In this regard, two major sources of phytoestrogens have been the focus of epidemiological studies: soy and flaxseeds. Soy and flaxseeds have both been reported to reduce the frequency and intensity of hot flashes during menopause. They have also been reported to decrease rates of cardiovascular disease, cancer, and osteoporosis during post-menopause.


Isoflavone phytoestrogens such as genistein from soy and certain lignan phytoestrogens may protect against the possible carcinogenic actions of estrogen by: 


*Inhibiting the production of estrogen by the enzyme aromatase, which is responsible for a key step in the biosynthesis of estrogens.


*Competing at the estrogen receptor level, with either estrogen or xeno- estrogens (industrial and agricultural chemicals such as bisphenol-A and pesticides), which have potent estrogen-like and carcinogenic activities.


Preventing overstimulation of estrogen receptors and providing low-level estrogen stimulation help prevent the negative effects of estrogen while providing a beneficial lower level of estrogen stimulation.


There is somewhat of a catch-22 to this scenario. Some isoflavones from soy may actually increase estrogen activity rather than inhibit it. These opposing effects of different soy phytoestrogens maybe responsible for reports of both negative and beneficial actions of soy on women's health. Using soy is somewhat controversial, and it may be safer to avoid soy and soy-based products.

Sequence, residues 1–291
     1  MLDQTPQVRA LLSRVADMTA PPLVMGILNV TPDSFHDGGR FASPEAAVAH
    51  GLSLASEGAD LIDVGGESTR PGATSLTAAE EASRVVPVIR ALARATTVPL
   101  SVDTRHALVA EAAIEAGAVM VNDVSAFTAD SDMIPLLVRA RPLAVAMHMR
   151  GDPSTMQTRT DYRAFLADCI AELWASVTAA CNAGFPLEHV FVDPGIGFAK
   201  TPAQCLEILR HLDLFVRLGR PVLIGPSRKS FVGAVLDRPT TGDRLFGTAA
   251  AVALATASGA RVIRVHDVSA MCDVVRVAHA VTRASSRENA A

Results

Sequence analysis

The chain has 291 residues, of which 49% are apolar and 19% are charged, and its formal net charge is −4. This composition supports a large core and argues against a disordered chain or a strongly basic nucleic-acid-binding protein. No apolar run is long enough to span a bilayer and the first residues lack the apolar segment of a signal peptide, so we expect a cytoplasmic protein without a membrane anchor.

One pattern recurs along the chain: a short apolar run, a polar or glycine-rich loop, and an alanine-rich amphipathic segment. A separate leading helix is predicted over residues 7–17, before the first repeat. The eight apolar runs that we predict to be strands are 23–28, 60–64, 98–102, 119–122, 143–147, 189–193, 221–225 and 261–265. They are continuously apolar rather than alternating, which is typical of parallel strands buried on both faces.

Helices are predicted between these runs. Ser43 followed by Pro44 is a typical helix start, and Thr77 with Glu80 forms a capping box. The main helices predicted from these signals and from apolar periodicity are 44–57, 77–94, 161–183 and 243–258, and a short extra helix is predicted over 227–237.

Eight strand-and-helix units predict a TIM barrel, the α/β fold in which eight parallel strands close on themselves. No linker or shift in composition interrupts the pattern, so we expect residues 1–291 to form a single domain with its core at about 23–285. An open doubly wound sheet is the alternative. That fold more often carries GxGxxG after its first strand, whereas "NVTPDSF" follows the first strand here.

Estrogen is produced in a series of enzymatically controlled biochemical reactions. Aromatase is a key enzyme that converts testosterone into estrogen. The good news is that, at low concentrations, phytoestrogens have been found to inhibit aromatase activity, lowering estrogen production and estrogen-related changes in the body. At high concentrations, phytoestrogens may mimic the effects of estrogen. Inhibition of aromatase at low concentrations may contribute to the reported anticancer effects of phytoestrogens.


The plant lignans secoisolariciresinol diglucoside (SDG), ma-tairesinol, and pinoresinol in flaxseeds are converted in the colon of humans and other animals into the mammalian lignans enterodiol and enterolactone, which are more potent phytoestrogens than plant lignans. Enterodiol and enterolactone are called mammalian lignans because bacteria synthesize these lignans in the mammalian colon from plant lignans. They are found only in mammals, not in plants.